State of VR – Devices

[This article is super outdated !! ]



[25 Feb 2009: Updated CirculaFloor video] [23 Jul 2008: Added Optical Tracking video] [6.03.08: Added Magnetic Haptics text&video] [24.01.08: Added CirculaFloor video] [21.01.08 : Added Virtusphere video]








Not so long ago, a VR system required a million-dollar supercomputer. Nowadays the top VR systems are using clusters of desktop computers, dramatically reducing the price and maintenance costs.


To be able to interact with a virtual world, the computer needs to know where your body stands through input devices called trackers.

The most common trackers used to be magnetic trackers, (Polhemus, Ascension) but they require cables (except the new Polhemus Patriot Wireless) and can lose precision as the magnetic field is perturbed by metal.

(c) Polhemus

(c) Ascension

The new trend is to use optical tracking (A.R.T, Vicon, Motion Analysis, IO Tracker, Natural Point) by putting inexpensive markers on your body and watching them through special video cameras. This technique has the advantage of being wireless and is becoming cheaper and cheaper, with motion capture solutions starting at 5’000$.

(c) Natural Point

Inertial tracking (XSens) is another very interesting option: it is standalone and very responsive, but has the disadvantage that positional data are drifting very fast (even though a full body capture is greatly improving the stability). Orientation data are pretty stable. But this solution isn’t (yet) ready for a precise head tracking required to generate a correct perspective.

(c) XSens

That’s why some companies take the best of both worlds by combining an inertial tracker with an optical solution to continuously recalibrate the position (Intersense, Worldviz PPT, and yes, the Wiimote !)


Data Gloves aren’t used that much, except when you really need to know the position of each fingers. Immersion’s Cyberglove and 5dt Glove seem to be the most common. A.R.T Fingertracking is a recent product with very precise positional data that works with their optical tracking system.

(c) S. Kuntz

(c) Immersion

Some current research are focusing on markerless tracking, which don’t require the user to put any specific apparatus.

Haptics, force feedback

The Inca 6D by Haption, based on the Spidar system, is the only large scale haptics device commercially available. The Haption’s devices compete with SensAble’s Phantom for desktop haptics. Immersion’s CyberGrasp exoskeleton gives force feedback to both your hand and your fingers.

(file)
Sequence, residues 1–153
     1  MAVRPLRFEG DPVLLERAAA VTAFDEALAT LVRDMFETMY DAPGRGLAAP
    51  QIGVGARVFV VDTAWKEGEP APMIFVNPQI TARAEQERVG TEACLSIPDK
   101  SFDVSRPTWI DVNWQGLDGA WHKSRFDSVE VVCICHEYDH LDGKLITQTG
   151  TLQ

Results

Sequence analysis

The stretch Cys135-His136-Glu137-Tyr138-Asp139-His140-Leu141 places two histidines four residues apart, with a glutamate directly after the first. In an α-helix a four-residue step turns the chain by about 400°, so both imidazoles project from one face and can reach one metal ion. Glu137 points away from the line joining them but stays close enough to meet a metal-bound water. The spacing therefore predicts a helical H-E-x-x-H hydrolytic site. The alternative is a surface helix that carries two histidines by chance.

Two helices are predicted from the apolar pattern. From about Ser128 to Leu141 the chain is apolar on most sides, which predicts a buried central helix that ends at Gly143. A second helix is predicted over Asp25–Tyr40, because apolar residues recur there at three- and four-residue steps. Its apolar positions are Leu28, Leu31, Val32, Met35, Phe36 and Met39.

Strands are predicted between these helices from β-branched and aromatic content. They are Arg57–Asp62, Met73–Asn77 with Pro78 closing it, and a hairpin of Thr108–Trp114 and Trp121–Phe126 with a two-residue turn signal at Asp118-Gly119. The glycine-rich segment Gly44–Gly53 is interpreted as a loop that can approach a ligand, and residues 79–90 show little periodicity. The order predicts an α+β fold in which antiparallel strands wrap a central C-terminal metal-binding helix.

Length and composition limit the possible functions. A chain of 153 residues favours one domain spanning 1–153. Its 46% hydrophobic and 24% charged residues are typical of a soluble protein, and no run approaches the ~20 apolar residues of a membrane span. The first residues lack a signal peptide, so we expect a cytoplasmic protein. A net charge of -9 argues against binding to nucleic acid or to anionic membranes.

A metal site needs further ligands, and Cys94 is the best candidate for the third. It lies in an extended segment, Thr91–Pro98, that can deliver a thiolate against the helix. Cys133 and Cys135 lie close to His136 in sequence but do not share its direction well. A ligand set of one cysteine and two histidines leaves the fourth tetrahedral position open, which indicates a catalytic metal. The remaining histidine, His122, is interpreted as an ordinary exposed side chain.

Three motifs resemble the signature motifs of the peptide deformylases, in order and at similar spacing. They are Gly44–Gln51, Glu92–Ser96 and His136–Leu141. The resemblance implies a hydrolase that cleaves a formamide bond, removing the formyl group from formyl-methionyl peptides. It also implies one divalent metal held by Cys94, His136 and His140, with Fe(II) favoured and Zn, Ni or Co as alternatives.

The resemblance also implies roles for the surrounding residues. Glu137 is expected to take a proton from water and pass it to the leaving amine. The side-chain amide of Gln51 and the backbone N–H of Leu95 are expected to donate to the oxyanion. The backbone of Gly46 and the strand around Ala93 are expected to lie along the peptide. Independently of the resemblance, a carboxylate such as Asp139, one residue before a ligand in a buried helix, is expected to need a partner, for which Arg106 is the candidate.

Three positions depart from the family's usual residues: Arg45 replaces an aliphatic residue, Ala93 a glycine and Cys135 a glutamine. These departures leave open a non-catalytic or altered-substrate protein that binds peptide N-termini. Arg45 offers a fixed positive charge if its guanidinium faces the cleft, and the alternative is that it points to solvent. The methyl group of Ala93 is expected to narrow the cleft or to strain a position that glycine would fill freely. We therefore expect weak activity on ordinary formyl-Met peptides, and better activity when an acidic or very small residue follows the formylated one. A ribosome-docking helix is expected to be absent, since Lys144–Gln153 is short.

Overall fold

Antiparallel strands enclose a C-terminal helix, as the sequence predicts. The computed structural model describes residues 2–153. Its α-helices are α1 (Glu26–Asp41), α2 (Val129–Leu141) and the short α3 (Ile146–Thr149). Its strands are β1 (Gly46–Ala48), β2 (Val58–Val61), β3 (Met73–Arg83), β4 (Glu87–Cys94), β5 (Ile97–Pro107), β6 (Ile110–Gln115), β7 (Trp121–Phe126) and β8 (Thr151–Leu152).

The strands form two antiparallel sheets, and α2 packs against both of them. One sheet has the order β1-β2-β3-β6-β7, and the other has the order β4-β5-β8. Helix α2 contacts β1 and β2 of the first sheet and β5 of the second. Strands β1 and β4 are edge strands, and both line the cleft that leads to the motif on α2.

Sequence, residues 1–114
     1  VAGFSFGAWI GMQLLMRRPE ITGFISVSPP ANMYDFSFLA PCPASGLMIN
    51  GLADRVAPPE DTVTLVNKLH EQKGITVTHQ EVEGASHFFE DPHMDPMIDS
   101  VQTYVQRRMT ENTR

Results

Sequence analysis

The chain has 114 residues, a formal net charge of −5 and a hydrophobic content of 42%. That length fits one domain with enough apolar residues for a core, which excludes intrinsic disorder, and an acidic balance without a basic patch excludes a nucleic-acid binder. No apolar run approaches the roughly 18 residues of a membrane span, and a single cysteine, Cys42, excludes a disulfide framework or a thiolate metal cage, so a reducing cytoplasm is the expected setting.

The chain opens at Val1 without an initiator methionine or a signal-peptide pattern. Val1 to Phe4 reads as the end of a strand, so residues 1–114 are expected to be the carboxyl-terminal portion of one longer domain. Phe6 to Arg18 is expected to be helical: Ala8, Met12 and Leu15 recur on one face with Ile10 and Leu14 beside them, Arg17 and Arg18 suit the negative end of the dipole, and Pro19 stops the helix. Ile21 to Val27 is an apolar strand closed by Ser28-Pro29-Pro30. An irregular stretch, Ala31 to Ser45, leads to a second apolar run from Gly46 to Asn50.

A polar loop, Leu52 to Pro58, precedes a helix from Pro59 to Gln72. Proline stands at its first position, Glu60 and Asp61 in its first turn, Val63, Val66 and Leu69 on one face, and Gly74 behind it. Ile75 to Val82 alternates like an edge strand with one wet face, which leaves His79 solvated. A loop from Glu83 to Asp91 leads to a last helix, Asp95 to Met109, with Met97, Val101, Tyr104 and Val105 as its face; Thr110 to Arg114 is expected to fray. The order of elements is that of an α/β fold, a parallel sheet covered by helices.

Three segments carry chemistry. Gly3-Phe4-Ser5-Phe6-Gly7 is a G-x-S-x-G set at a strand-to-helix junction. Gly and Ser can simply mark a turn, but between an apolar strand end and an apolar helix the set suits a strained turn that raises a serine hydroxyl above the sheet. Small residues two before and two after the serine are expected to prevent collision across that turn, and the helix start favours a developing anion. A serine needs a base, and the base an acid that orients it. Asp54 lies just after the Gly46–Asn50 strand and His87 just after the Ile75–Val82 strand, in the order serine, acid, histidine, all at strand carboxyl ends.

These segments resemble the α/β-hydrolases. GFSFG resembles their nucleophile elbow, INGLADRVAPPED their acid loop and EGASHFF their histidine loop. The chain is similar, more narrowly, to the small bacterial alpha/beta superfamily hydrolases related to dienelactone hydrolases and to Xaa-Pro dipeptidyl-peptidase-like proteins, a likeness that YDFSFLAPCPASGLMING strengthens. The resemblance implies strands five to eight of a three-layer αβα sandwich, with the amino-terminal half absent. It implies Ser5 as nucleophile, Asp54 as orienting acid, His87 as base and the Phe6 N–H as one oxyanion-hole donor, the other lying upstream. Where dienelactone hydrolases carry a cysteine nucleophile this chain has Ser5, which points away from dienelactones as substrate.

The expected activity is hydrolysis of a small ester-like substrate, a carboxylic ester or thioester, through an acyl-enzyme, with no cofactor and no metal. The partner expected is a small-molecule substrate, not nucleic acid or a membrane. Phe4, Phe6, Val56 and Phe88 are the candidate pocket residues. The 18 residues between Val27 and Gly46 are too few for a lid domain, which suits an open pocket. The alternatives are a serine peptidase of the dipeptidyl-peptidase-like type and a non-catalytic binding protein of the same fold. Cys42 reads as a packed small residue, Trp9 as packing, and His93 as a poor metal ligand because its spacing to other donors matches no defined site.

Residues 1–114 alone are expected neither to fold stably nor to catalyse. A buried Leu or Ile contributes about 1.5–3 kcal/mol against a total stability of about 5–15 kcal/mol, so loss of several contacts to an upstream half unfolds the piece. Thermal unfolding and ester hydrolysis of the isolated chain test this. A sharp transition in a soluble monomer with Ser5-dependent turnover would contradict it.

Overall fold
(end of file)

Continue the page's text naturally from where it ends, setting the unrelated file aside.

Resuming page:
The ART Fingertracking is the one of the few products that adds fingertips sensations, and more researches (CEA List, Laboratory for Intelligent Mechanical Systems) are being conducted to improve the range of available sensations

(c) Immersion

(c) S. Kuntz

The Magnetic Levitation Haptic Interface is ““levitated by magnets”. ”It offers things that other devices just can’t do – the high forces, low friction, low inertia, and six degrees of freedom.”

(c) CEA List

(c) LIMS


How do you walk inside a virtual environment ? This is still a major issue and some answers begin to appear.

The omni-directional treadmill, part of the Cyberwalk project, could be a near-ideal solution if it was affordable.

(c) Virtusphere

The VirtuSphere is already a commercial product and much more affordable (50-100 k$).

Some other research prototypes include the CirculaFloor with moving tiles, and the VR Shoes, both by the Tsukuba university.

(c) Tsukuba University


  1. Very interesting article. I think that finger tracking can lead to very precise interaction which is necessary to develop more applications making users really active in the virtual environment, like 3D modeling application for example.

  2. Hey ArenAK,
    I’d be more than happy to translate the series =)
    The goal is really to spread the information.
    Thank you!

  3. I like the simplicity of Virtusphere, but it wouldn’t be suitable for use in a VR cube because you have a big sphere around you (obviously). What if you took that sphere and combined it with the ideas from the omni-directional treadmill? Instead of the person standing inside the sphere, you set the sphere in the floor with only the very top exposed. The user could then walk on the sphere in any direction, kept steadily in place with a harness, and still retain full visibility.

  4. One nice thing about the virtusphere is that it doesn’t require any motor. The sphere reacts nearly instantly to your movement thanks to your weight only. The treadmill has to analyse your motion and start the motion mechanically.

    If you walk on top of the sphere, the movement is much harder to start due to the inertia of the system. So if you add a motor, you’d get a treadmill with a lot of space underneath =)

  5. These new VR devices are really fascinating. Some of them can solve the problem of travelling in a infinitely extended plane ground of the VR world. Still, it is difficult to figure out how to let the player get a ture feeling of walk on an uneven surface, such as climbing mountain. Do you know any technique advances of solving this problem? I am interested in it.

  6. I’d say the OmniDirectionnal Treadmills could be inclined to get the feeling of climbing a mountain, or lots of small tiles as in the CirculaFloor could be used and also inclined.

    Or maybe put small treadmills on small inclinable tiles of the CirculaFloor.

    Or use some tactile devices usually made for the fingers under the foot.

    Or …

    It could be done I think, the problem is that if there is no real use for it nobody will do it. And it will probably be very expensive at first, so somebody would need a really good reason to built such a device.

  7. Yes, you are right. The need is the power for new inventions. At present, treadmill seems fit for most applications.

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